Fleet News

The latest Sewells' Insight

FLEET NEWSNET'S sister title Sewells has released its latest Insight newsletter.

Here are the stories from the March edition which reveal best practise tips and findings from Sewells' research.

It is also available to download as a PDF here.

Sewells Database and Who Owns Who: Return to sender

Millions and millions of pieces of mail are returned to the sender every year because they are incorrectly addressed.

Companies waste thousands of pounds on marketing themselves and their products to businesses that have changed hands or have long since gone.

Most direct mail yields a number of ‘gone aways’ but the nature of the retail automotive industry and the amount of acquisitions and mergers - not to forget closures - lends itself to a much higher rate of returns. One only has to read AM regularly to see that groups and dealers are changing hands regularly.

Sewells are established providers of automotive databases to suppliers and manufacturers in the industry and have over the past few months put together several initiatives to be able to reflect these changes on a real time basis. This process is in the final stages of development and quite soon Sewells will be able to increase their database packages to include various aspects of industry data including data mapping and vehicle registrations.

Publishers of Sewells, EMAP Automotive, also publish AM and Parkers’s Car Guide, so are in prime position to capture these changes via their news and commercial products.

Developments on the franchised dealer databases will also have a positive effect on the cut-down hard copy version which details dealer groups with 3+ sites and their trading locations. Sewells first published Who Owns Who in the Retail Motor Trade, as it was called then, in June 1990.

The names and the sizes of the holding companies in the library copy that Sewells has bear no resemblance to what we have in the industry now. Reg Vardy plc at the time had a mere 11 sites, whilst Lookers was a much bigger entity with 25 sites. At the time, Sewells reported that there were 8000 or so franchised dealers in the United Kingdom that existed as part of a group.

The latest fieldwork for the January edition of Who Owns Who shows that are 551 holding companies that between them have 4,951 franchises and trade from 3,903 sites. Available now, the January 2006 edition is once again sponsored by Colliers CRE, Chartered Surveyors and International Property Consultants.

For more information or a FREE sample of the databases available from Sewells please telephone 01733 468254. Alternatively visit www.sewells.co.uk.

Pay Guide 2006: Car Sales execs feel pain in the wallet

Falls in commission have cut average pay for car salespeople in the wake of falling new car sales and dealer profits. But the skills shortage has seen technicians command an average 5.6% pay rise, while apprentice numbers are rising.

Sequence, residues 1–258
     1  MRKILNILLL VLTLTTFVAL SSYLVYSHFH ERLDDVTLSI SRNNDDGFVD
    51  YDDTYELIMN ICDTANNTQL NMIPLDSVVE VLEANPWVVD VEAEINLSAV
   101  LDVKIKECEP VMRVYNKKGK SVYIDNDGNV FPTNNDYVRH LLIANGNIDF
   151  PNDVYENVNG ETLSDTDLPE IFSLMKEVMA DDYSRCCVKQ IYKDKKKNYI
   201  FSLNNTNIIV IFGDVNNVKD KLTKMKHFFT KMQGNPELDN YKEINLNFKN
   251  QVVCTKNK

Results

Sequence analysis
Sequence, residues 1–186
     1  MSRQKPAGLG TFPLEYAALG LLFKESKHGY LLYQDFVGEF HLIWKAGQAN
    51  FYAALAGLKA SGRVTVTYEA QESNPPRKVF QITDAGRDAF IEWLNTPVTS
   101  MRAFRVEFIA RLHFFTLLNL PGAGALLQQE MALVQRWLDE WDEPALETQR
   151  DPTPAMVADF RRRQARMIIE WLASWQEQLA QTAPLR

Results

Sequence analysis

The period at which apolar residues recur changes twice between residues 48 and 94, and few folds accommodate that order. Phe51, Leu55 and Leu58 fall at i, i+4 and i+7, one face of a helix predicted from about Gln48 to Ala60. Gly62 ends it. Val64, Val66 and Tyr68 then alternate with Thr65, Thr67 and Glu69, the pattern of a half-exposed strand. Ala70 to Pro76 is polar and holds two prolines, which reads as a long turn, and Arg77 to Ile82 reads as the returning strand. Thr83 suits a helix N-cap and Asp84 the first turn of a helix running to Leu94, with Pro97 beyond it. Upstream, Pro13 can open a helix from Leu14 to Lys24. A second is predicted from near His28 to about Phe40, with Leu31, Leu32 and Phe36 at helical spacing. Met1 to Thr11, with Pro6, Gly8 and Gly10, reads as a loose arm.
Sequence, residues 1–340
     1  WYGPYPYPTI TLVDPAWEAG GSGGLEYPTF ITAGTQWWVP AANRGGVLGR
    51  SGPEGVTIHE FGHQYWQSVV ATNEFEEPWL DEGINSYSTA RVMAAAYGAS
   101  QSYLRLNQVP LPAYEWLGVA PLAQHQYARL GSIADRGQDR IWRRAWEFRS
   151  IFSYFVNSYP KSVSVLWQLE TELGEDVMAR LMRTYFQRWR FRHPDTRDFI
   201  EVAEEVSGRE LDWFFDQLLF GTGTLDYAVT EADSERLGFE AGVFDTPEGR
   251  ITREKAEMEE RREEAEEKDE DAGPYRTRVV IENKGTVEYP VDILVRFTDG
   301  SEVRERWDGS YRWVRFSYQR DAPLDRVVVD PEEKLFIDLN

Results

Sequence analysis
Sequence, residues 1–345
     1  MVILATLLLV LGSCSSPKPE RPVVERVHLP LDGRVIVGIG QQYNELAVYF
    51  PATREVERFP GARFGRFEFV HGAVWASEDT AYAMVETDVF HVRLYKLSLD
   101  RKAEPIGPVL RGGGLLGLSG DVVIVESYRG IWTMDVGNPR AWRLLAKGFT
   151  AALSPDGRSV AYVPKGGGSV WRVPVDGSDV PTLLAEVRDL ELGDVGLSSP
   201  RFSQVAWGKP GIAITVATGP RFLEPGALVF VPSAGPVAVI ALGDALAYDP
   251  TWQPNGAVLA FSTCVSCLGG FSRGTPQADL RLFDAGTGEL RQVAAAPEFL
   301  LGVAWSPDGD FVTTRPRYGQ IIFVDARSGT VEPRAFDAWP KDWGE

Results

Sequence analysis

BMW dealer principals earned an average £83,174 last year – 44% more than the national all-franchise dealer principal average total pay of £57,771.

The tenth 2006 edition of the RMI/Sewells Retail Motor Industry Pay Guide reveals a fall in total pay for car sales executives, almost certainly as a result of deteriorating car sales and dealer profitability. And with a few exceptions, other motor trade staff also experienced a slowdown in growth of total pay last year.

Total pay, including basic and commission, for sales executives and business managers working in the franchised sector fell by 1.1% between 2004 and 2005. This happened despite an increase in basic pay of 4.5%, because of a decline in commission payments. Commission makes up over 60% of sales executives’ total pay, and is usually awarded on the profits retained on each car sold.

On the other hand, service technicians and mechanics in both franchised dealerships and independent garages earned some of the largest increases in both basic and total salary.

For example, franchised dealer service technicians achieved an increase in total pay of 5.6% between 2004 and 2005. This continues a run of increases in total salary exceeding 5% since 1999 for these employees.

Propelling the increases for service productives is the well-known skills shortage in this area. And the 369 respondents to the 2006 Pay Guide survey reported a high turnover of service staff – essentially technicians and mechanics – and difficulties filling these positions. This is a very similar picture to that described by respondents to Pay Guides since 1999.

In response to the skills shortage in service workshops, dealers and independents have now taken on more apprentices relative to the number of fully-qualified technicians and mechanics. Two years ago, franchised dealers only employed one apprentice for every 4.7 fully-qualified service productive. The 2006 Pay Guide survey found this had improved to a ratio of 4.0 to 1. A similar improvement was noted for independent garages.